Some Apple Apps for Vision Pro Will Reportedly Be Unmodified iPad Apps to Begin

Some Apple apps for Vision Pro will reportedly be unmodified iPad apps to begin. Apple will not be releasing redesigned versions of first-party apps such as news, podcasts, or even calendars for the Vision Pro.

Apple Apps for Vision Pro Will Be Unmodified iPad Apps

Apple Apps for Vision Pro Will Be Unmodified iPad Apps

Apple’s upcoming mixed reality headset, the Vision Pro, is expected to launch with “over 1 million” apps, with a significant portion likely being existing iPad or iPhone versions, according to Mark Gurman’s Power On newsletter for Bloomberg. Surprisingly, some of Apple’s major first-party apps, including Podcasts, News, Calendar, and Reminders, will also be part of the initial app lineup for the Vision Pro.

The choice to include touch-first apps like Calendar and Reminders on a device primarily operated through a gaze-and-tap interface may seem unconventional. The success of these apps on the Vision Pro will depend on how well their touch-centric design translates to the new interface. While certain apps may not require immersive 3D effects, the Vision Pro’s potential as a productivity device could be affected if its main input method proves cumbersome for commonly used applications.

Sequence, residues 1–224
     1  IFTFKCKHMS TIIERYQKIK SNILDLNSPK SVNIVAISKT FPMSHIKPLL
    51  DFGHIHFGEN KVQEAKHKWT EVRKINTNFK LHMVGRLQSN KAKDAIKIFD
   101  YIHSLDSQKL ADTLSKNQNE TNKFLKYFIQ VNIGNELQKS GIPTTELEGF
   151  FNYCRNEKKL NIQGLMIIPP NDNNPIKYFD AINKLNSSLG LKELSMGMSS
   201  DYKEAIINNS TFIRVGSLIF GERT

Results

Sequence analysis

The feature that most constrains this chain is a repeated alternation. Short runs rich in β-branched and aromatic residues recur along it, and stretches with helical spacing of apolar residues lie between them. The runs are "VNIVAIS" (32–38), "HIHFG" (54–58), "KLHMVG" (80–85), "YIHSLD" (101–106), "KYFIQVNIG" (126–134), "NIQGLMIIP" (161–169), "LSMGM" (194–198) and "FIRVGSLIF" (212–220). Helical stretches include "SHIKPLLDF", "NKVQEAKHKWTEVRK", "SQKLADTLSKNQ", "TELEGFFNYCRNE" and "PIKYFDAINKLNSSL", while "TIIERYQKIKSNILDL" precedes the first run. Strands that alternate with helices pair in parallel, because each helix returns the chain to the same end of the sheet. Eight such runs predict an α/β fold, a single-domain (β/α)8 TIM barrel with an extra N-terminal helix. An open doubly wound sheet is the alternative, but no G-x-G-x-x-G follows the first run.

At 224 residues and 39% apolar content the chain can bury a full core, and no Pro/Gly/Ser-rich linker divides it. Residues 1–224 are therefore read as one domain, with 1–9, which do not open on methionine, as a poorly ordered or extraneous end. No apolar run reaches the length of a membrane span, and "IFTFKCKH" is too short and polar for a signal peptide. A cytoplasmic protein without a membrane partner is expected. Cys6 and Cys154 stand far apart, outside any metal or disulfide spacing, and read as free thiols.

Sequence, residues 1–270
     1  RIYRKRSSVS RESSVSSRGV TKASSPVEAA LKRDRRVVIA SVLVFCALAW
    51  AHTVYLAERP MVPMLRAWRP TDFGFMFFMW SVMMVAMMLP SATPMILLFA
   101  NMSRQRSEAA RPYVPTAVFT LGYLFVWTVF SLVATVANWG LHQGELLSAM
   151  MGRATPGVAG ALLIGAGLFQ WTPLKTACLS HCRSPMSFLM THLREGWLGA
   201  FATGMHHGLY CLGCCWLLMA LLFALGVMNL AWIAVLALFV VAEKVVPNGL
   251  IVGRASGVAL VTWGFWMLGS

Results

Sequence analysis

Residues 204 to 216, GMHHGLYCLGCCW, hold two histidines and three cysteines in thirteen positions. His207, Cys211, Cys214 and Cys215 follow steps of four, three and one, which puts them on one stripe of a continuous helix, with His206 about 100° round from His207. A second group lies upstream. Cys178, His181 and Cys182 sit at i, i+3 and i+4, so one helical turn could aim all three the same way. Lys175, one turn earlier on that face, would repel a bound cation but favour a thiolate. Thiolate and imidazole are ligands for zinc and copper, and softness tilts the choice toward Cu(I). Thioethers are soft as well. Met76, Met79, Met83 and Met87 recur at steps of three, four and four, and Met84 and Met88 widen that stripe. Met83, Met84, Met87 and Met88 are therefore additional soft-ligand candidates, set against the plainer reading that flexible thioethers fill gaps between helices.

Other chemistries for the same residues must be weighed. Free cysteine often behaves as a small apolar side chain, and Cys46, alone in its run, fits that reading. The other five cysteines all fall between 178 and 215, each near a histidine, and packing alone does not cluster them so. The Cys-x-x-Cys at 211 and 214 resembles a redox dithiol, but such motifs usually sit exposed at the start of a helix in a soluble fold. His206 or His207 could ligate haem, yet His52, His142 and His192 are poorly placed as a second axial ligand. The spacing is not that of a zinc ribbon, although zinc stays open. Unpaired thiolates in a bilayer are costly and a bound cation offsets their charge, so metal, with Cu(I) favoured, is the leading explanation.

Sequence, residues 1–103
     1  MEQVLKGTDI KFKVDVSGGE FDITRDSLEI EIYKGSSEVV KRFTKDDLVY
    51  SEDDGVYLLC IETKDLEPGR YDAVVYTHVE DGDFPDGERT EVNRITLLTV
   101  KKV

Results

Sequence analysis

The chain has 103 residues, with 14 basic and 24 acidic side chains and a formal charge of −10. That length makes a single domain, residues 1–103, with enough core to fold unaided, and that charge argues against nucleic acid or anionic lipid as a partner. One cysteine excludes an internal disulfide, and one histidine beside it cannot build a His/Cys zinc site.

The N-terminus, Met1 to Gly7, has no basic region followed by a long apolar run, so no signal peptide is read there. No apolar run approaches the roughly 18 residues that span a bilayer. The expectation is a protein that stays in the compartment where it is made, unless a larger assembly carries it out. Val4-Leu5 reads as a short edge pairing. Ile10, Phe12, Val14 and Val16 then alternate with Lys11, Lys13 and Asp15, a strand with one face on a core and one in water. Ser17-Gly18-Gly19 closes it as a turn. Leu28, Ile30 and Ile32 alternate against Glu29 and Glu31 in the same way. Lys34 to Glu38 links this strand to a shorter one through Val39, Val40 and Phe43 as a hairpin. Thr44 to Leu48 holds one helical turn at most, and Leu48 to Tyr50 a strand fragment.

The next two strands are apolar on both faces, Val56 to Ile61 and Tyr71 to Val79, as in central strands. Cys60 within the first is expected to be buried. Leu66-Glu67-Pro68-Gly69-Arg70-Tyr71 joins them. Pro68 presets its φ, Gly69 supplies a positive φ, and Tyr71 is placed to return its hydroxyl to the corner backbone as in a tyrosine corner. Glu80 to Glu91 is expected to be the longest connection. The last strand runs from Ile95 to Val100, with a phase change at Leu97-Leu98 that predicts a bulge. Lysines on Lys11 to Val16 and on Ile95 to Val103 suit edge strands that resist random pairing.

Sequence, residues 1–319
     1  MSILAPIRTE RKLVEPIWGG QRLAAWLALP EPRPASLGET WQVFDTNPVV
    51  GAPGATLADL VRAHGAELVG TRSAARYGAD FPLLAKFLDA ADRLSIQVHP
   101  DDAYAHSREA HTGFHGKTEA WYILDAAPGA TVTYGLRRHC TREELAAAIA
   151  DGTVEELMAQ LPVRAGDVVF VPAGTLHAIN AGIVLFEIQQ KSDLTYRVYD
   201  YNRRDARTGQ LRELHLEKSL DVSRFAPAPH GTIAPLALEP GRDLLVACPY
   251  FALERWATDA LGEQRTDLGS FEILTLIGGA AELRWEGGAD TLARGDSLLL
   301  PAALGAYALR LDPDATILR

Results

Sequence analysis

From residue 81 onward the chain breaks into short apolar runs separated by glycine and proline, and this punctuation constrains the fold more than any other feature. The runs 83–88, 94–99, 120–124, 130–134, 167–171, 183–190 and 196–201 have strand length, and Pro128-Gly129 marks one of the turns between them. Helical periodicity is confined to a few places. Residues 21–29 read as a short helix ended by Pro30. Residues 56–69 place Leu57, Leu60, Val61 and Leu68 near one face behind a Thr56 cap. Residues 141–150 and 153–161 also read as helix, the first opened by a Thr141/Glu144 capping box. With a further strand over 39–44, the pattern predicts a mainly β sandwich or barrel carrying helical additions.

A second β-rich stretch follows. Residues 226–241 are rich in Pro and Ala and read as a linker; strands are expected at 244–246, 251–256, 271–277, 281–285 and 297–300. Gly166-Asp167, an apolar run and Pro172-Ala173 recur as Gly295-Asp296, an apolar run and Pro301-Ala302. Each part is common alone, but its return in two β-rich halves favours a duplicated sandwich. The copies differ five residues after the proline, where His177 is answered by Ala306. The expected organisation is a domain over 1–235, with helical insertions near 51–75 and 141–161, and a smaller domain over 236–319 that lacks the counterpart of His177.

The Vision Pro’s App Ecosystem

Gurman’s report highlights a subdued narrative around the Vision Pro’s app ecosystem, with low developer enthusiasm attributed to factors such as Apple’s 30 percent App Store cut. Additionally, the limited initial production of around 80,000 units could deter independent developers from investing in the platform. Major companies like YouTube and Netflix will not have native apps for the headset at launch, opting instead for users to access their services through Safari.

The Absence of Developer Excitement for the Vision Pro

The absence of developer excitement raises questions about the Vision Pro’s app ecosystem and its potential to thrive. However, Gurman notes that the success of Apple Watch and Apple TV, both lacking vibrant app ecosystems, suggests that user satisfaction may not solely hinge on the availability of a multitude of apps.

Despite the uncertainty surrounding developer enthusiasm, the Vision Pro represents a distinct platform from the iPad and iPhone, and its ultimate success may depend on how users utilize its unique features beyond the app ecosystem.



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